7. Labels For Consumers

Groups are also trying to target consumers to be more aware of the seafood they buy and eat. There are pamphlets and handy guides that help educate consumers about which fish are endangered due to overfishing, and which areas of the world the fish come from. Many of these, such as the one from the Monterey Bay Aquarium, offer choices of fish that aren’t as in danger.

8. Educating retailers

The retailers are for sure seeking benefits, that is why they pay more for the fisheries that can catch a big amount of fish. Because of the benefits, the retailers often forget that it not only could make the population of fish out of number but also hamper another ecosystem. This is the kind of education that we have to educate retailers.

9. Monitoring

Because the sea’s area is large, this makes fisheries easier to catch some species of fish that is prohibited by the government, because they can go so far where there is no government monitoring of catching fish. The step that should be taken by the government is by monitoring their seas constantly so that they can arrest the illegal fisheries.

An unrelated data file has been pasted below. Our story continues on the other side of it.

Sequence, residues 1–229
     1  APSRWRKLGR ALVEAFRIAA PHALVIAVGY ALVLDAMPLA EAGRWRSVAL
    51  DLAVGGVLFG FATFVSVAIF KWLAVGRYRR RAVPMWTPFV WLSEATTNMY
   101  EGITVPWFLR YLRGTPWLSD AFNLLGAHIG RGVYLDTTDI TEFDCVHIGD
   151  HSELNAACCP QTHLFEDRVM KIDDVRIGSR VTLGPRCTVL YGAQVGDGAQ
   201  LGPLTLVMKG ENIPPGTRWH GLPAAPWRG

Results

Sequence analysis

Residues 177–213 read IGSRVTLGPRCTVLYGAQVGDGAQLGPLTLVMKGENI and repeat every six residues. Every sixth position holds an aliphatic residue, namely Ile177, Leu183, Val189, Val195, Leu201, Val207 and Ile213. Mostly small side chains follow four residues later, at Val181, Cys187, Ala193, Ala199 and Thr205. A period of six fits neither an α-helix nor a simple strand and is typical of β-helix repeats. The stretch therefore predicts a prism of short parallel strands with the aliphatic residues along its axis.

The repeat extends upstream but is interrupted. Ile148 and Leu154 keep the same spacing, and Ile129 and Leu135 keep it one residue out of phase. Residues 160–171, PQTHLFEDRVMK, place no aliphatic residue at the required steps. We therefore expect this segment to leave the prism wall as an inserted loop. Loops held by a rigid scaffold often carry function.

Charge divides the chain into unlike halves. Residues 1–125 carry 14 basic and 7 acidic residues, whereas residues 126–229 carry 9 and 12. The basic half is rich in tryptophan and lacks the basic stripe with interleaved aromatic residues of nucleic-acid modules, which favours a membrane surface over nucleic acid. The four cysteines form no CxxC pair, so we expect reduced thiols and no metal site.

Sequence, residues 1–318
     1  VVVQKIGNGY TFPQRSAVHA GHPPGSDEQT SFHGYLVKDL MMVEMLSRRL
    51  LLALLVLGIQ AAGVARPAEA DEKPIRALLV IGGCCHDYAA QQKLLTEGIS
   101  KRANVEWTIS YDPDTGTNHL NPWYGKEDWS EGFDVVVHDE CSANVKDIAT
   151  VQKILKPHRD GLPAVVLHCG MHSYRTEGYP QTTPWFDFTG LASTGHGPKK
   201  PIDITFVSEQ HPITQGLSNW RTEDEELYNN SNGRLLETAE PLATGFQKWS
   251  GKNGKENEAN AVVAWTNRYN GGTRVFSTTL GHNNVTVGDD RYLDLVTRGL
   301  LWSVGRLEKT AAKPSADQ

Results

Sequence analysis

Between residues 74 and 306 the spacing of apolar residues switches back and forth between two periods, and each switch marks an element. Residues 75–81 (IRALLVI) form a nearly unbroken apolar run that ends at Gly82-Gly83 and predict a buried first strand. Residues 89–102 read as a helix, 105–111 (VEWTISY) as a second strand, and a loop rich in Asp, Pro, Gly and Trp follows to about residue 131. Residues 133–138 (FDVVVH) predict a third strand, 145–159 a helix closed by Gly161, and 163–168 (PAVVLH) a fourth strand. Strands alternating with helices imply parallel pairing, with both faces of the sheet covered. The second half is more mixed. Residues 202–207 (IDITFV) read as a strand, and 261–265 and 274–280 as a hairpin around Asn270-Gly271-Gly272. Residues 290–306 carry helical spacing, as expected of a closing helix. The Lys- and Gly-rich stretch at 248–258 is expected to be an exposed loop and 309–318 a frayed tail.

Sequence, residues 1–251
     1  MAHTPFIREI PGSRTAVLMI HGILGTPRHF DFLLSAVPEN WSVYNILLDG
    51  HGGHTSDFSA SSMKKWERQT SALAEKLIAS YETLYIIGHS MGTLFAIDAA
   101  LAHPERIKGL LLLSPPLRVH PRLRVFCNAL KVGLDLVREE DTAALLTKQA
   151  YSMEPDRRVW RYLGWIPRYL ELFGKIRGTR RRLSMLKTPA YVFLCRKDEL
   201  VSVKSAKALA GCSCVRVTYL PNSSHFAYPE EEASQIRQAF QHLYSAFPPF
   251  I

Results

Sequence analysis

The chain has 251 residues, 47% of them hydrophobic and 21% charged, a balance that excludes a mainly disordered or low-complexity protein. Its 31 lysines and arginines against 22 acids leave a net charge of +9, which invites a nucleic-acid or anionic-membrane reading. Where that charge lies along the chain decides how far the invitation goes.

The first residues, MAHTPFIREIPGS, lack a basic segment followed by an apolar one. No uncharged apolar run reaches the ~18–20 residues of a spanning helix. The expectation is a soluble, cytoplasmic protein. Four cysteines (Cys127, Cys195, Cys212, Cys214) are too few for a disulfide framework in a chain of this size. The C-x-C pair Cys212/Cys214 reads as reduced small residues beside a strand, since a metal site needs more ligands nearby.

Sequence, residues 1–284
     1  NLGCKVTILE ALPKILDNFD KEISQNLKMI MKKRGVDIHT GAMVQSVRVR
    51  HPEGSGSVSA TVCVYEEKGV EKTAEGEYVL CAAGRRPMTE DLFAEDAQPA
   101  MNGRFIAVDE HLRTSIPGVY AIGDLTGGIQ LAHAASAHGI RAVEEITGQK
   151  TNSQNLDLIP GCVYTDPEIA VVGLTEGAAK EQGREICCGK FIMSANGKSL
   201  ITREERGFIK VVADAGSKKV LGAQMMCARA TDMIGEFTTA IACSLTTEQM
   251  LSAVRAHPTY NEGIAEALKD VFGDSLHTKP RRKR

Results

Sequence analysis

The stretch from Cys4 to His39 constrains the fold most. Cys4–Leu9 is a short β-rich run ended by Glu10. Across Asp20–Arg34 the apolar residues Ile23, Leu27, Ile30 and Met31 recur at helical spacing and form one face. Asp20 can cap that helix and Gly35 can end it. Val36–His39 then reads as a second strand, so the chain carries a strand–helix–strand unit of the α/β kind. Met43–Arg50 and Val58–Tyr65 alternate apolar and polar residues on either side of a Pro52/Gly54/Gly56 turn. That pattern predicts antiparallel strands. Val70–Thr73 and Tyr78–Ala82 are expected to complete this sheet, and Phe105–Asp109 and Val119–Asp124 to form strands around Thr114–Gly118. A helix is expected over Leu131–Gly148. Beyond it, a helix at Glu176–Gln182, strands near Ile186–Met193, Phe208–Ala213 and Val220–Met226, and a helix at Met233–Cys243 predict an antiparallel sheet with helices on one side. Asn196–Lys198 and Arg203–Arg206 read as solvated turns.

10. Join campaign and support organization

You can join some campaigns that support the protection of fish and try to reduce the overfishing. If you can’t join such campaigns, you may support some organization. The support that you can give to them can in a form of donations, and promoting the organization toward society.